Steps to take to avoid insolvency

stepsDavid Kirk, insolvency practitioner, offers an overview of how to prevent your company from reaching insolvency stage.

For some businesses, it may be too late to avoid insolvency, because you are being pushed down that route by a creditor, or you may have decided the situation is irrevocable and your business needs to be closed or restructured.

If your business has not reached this stage, then you need to take the following steps to avoid insolvency:

  • Work out your business finances: make a list of what assets you own and the liabilities you have, and get a proper idea of where you are financially. This is really a balance sheet in accountant's terms.
  • Make a realistic cash flow projection for the next few months and see where the pressure points are. For example, can VAT and PAYE be paid on time? If you're a seasonal business, can you survive the quiet part of the year? Once complete, you can assess whether you can carry on trading or not.
  • If manageable, talk to suppliers that you owe money and ask for instalment options. Talk to HM Revenue and Customs and ask for Time To Pay (TTP), and justify why you need the time.
  • If you can't manage the situation yourself, take professional advice from an accountant or a licensed insolvency practitioner.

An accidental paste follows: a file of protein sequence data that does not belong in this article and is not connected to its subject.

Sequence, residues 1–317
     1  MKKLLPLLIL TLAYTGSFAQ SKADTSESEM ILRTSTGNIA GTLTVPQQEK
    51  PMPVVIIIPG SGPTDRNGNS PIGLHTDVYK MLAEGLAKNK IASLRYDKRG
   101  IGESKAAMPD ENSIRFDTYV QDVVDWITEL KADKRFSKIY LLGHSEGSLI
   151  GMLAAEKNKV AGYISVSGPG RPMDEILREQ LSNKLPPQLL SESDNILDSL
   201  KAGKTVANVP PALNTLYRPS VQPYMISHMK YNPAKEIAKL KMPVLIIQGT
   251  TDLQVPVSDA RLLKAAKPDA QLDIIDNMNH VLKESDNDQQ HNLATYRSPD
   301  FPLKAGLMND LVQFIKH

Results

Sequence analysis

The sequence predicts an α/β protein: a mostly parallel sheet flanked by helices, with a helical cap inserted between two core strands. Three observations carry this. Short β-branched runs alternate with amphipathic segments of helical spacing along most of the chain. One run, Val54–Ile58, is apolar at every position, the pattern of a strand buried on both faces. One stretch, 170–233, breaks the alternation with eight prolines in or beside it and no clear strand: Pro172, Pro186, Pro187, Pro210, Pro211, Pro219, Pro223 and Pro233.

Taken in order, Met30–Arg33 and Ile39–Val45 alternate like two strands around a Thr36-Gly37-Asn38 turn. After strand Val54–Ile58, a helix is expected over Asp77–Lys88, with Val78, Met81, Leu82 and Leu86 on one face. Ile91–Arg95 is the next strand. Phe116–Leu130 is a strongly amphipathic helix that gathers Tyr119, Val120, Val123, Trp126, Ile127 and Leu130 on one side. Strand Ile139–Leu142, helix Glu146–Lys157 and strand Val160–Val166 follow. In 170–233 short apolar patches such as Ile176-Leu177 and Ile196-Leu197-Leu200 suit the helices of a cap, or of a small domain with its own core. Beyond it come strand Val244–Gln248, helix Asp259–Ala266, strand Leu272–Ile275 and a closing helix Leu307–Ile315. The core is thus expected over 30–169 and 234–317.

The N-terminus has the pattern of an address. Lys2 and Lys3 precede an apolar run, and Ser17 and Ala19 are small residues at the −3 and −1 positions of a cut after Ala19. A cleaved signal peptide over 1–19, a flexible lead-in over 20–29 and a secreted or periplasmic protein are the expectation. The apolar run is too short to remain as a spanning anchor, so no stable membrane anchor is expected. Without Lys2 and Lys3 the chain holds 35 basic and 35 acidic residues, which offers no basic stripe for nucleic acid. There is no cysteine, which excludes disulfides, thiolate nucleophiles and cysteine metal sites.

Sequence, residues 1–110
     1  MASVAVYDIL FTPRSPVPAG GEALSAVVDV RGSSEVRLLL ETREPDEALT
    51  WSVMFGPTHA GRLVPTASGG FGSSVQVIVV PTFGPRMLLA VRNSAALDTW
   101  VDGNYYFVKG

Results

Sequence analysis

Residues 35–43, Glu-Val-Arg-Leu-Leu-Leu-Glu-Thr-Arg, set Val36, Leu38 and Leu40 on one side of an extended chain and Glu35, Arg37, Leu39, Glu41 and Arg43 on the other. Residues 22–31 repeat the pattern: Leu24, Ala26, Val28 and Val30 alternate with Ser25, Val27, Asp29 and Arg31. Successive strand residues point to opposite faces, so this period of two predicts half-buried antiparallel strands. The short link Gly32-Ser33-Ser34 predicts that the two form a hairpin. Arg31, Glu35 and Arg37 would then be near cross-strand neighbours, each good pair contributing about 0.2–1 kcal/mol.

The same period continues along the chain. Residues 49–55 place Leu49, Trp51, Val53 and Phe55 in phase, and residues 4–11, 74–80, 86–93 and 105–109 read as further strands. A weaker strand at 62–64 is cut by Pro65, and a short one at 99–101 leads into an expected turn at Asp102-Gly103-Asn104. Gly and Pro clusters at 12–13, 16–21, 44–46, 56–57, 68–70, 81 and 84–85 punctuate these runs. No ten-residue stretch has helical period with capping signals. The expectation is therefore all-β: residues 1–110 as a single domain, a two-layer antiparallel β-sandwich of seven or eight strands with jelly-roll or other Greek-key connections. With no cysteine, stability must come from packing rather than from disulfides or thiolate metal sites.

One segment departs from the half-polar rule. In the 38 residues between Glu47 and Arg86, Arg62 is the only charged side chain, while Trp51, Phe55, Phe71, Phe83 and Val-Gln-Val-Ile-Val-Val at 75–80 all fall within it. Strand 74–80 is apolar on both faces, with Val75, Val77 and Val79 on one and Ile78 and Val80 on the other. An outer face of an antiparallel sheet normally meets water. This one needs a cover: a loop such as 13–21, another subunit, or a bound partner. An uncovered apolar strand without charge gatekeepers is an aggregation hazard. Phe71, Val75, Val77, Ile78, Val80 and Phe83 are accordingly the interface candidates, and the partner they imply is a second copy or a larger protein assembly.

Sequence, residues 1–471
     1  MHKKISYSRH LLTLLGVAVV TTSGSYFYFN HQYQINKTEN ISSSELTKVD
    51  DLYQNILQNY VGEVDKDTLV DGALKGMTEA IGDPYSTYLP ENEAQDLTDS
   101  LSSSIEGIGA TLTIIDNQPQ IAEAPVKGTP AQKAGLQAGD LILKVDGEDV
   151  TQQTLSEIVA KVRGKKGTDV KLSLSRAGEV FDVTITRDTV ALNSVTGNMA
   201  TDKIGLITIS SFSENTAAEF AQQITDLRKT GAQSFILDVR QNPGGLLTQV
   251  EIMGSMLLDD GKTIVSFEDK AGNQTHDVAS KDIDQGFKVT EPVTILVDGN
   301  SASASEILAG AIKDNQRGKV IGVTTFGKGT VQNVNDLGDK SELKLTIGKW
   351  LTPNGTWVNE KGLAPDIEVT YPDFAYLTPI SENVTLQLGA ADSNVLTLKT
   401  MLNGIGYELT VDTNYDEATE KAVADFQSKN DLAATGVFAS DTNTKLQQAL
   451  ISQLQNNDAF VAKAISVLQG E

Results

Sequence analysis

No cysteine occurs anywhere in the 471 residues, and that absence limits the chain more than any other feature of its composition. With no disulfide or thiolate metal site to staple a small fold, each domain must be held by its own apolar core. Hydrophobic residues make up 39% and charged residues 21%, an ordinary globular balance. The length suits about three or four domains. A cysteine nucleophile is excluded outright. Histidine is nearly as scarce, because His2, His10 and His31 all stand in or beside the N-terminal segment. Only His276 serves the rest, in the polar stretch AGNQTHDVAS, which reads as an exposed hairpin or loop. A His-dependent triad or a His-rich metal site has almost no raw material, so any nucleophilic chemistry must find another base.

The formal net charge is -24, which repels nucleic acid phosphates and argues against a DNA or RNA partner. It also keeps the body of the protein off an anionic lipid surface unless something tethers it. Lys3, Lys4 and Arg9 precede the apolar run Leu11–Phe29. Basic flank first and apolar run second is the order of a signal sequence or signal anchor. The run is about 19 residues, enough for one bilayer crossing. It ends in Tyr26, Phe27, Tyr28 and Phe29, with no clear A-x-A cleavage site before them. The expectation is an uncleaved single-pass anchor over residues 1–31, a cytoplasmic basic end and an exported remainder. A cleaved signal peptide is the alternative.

Even if insolvency is inevitable, there are still some options available, should you wish to carry on the business in a new entity, or try and rescue the existing company:

Company Voluntary Arrangement (CVA)

A common way to be given a longer time to pay debts off and even be allowed to write debt off is by using a CVA, which is a legally binding agreement between a limited company and its creditors to suspend payments. Quite often it involves freezing interest and allowing the company to pay back its debts, with a discount, over 3 to 5 years.

Pre-pack administration

If a CVA is not suitable, a pre-pack administration may be used. This is a fairly common formal insolvency procedure that provides continuity for the company with the minimum of disruption, in order to preserve goodwill. It can be quick to arrange, and can help to prevent clients and customers leaving, making a change in ownership as smooth a transition as possible. 


Liquidation is the legal process by which a limited company or partnership is brought to an end. A company or partnership usually stops trading as soon as it enters into the liquidation process.

For pre-packs and liquidation, the assets can be sold to a new limited company, though there are rules that need to be followed, and assets have to be sold at market value (though they can be paid for by instalments in some cases).

As always, the earlier you recognise the threat of insolvency, and the sooner you take professional advice, the more options you will have.

About the author

David Kirk is a chartered accountant and licensed insolvency practitioner based in the south west. Follow @kirksinsolvency or visit